[EDITORIAL] Den is better off as a time for students to hibernate


Photo by Emily Ziajor

Students work through scenarios during ALICE training in March 2023.

Den. A class where students just want to unwind. The soft music playing, and the smell of fresh air from the window that is cracked open is oh so comforting. The comfy chairs and books in the corner make students feel at home.

It does not get any more relaxing than this. Students want to forget about the world around them for 30 minutes; they do not want to be forced to participate in an activity that they do not care about.

Social Emotional Learning (SEL) is the idea that educators should teach students the attitudes and skills necessary to manage emotions and make good decisions. SEL has been implemented across the United States in schools from the elementary to high school level. It has also become a multi-million-dollar industry that some claim is being exploited by professional developers and large corporations who are investing in programs across the country.

Proponents argue that SEL is important to implement in schools, as depression and anxiety rates in teens have skyrocketed since the pandemic. SEL can provide students with additional support, and allow for hard conversations to be had in school: this is all true. However, such is only true if the SEL program is properly implemented.

The issue with SEL is that it promotes unlicensed therapy. It gives teachers the power to attend to students’ social/emotional needs with very minimal training. The other problem with SEL is that it tries to put a band-aid over the real problem.

This is like responding to the catastrophic flooding caused by climate change, with calls for more sandbags,” reporter Valerie Strauss for The Washington Post wrote in 2021.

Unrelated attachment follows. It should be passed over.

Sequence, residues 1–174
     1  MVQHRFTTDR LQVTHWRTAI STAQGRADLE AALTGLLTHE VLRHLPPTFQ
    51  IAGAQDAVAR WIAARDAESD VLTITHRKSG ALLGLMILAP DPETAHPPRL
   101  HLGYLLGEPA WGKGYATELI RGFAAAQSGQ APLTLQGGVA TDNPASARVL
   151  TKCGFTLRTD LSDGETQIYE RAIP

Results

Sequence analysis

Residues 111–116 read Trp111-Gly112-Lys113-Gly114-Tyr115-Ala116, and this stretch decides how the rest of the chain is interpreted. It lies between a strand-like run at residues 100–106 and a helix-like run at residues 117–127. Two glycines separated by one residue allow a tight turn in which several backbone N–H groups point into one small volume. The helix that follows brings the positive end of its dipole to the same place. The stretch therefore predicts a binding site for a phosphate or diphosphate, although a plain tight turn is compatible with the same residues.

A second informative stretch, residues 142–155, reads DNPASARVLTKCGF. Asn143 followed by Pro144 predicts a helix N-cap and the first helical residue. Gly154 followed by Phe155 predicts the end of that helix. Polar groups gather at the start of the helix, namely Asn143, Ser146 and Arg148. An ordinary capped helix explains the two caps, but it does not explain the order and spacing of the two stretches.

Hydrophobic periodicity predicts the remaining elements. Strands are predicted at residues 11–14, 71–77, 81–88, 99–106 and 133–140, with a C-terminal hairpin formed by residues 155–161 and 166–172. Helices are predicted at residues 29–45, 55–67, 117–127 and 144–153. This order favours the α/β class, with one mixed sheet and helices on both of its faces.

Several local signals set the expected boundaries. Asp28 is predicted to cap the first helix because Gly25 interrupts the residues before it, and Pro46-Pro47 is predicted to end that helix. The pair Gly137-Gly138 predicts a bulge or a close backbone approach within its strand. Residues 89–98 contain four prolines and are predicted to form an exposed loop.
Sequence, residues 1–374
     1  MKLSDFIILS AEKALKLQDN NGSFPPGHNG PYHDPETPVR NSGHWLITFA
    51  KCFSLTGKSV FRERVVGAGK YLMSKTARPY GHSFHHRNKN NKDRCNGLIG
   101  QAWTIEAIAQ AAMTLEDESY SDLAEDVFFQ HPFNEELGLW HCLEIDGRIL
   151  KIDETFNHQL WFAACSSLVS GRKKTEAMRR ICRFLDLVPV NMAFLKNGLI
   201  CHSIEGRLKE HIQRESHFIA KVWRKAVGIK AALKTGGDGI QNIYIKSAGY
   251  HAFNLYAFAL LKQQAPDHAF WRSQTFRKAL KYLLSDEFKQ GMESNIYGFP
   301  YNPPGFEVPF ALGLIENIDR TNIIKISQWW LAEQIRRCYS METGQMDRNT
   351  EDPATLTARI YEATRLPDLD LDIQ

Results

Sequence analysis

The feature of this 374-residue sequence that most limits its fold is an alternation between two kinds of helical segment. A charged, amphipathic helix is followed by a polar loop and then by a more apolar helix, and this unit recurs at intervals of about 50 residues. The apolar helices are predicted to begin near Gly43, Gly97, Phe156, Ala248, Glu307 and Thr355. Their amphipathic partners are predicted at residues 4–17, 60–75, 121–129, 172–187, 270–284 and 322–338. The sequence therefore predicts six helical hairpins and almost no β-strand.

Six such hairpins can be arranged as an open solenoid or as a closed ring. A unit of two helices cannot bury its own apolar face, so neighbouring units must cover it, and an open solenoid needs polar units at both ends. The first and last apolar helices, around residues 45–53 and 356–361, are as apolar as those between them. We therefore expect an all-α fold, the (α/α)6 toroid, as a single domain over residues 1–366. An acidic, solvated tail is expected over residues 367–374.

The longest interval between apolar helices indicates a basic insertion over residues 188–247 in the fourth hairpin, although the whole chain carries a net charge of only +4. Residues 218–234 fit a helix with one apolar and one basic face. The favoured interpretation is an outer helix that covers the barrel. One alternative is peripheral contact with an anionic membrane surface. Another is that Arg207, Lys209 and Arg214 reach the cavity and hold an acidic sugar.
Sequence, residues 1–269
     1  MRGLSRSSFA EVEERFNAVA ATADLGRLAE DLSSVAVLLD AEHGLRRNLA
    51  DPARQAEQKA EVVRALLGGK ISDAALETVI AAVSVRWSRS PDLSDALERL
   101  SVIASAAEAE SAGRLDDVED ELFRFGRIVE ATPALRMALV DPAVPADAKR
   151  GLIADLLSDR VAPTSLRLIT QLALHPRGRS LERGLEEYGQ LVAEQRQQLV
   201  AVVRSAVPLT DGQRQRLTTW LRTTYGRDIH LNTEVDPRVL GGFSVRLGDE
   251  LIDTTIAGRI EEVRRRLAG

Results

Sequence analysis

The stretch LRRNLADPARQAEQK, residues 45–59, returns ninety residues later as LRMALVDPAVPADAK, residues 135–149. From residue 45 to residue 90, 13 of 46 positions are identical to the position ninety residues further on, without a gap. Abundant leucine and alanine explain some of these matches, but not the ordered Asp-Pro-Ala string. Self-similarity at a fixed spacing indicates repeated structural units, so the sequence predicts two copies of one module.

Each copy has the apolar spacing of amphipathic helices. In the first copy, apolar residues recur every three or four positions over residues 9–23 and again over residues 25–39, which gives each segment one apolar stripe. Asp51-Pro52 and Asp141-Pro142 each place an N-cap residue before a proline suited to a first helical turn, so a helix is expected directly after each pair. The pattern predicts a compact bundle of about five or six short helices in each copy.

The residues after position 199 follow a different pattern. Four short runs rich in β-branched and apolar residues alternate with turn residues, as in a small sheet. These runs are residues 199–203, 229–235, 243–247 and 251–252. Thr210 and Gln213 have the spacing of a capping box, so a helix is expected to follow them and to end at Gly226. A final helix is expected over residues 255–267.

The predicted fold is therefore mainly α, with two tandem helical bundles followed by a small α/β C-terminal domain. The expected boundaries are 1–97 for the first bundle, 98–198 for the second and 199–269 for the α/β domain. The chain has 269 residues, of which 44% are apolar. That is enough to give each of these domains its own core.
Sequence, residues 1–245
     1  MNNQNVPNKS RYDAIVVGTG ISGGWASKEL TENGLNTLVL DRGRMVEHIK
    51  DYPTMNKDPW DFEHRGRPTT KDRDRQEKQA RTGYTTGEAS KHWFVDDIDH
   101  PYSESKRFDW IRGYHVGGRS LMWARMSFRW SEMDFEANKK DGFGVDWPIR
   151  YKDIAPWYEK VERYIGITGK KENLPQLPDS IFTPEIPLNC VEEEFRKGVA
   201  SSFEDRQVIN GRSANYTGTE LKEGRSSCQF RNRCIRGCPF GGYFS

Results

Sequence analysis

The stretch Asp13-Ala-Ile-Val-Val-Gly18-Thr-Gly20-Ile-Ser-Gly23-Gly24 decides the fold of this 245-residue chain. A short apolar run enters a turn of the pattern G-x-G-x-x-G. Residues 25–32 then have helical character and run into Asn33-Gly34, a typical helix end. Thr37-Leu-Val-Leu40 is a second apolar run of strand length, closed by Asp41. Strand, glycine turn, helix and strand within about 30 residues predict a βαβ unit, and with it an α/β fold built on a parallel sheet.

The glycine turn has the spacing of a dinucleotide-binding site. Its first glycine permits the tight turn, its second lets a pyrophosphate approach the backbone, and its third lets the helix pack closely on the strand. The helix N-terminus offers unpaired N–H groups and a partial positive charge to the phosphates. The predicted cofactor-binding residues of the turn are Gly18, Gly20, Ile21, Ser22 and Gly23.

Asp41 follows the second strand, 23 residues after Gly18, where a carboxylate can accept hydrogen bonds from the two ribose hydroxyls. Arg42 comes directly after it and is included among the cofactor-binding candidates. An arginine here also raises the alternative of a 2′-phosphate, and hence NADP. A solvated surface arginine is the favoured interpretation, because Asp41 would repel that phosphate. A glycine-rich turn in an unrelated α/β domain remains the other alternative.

The real problem is the concept of overall well-being in society. Talking about social justice, safety (not just safety, but whether people actually feel safe), and peace in the nation – along with the mental health crisis that has arisen since the start of the pandemic in 2020 – would be far more important conversations to implement in the classroom than SEL.

However, well-implemented programs can really help students.

“Well-implemented SEL programs positively affect students’ success in school. Studies show that social-emotional skills—such as problem-solving, self-regulation, impulse control, and empathy—help improve academics, reduce negative social behaviors like bullying, and create positive classroom climates,” the Committee for Children, a non-profit organization advocating for the implementation of SEL in schools, said.

American history and government teacher John Chisholm poses with his Den class outside of his classroom. (Photo by John Chisholm)

“Den has proven to be a great opportunity for students to grow their school spirit and have fun. It provides a much-needed break from traditional academics, and gives students time to get additional help in their core classes as needed. I really appreciate the flexibility it has given the teachers to assign students to Academic Support, as well as the additional time for counselors to work with students,” AVID teacher and Site Team Coordinator Nick Kempski said.

In that case, changing the Student Support Initiative (SSI) to lessons that are more crucial, such as increasing the focus on emergency response training and education on mental health, would be more beneficial to students, rather than having them share their thoughts on unnecessary topics in front of 20 other kids. Another option is turning the SSI program into a dedicated time for students to wind down or to finish homework and tests, which would create a much more student-friendly class.

At the end of the day, allowing students to rest and complete their classwork is a far more beneficial use of time than talking about setting meaningless goals or time management.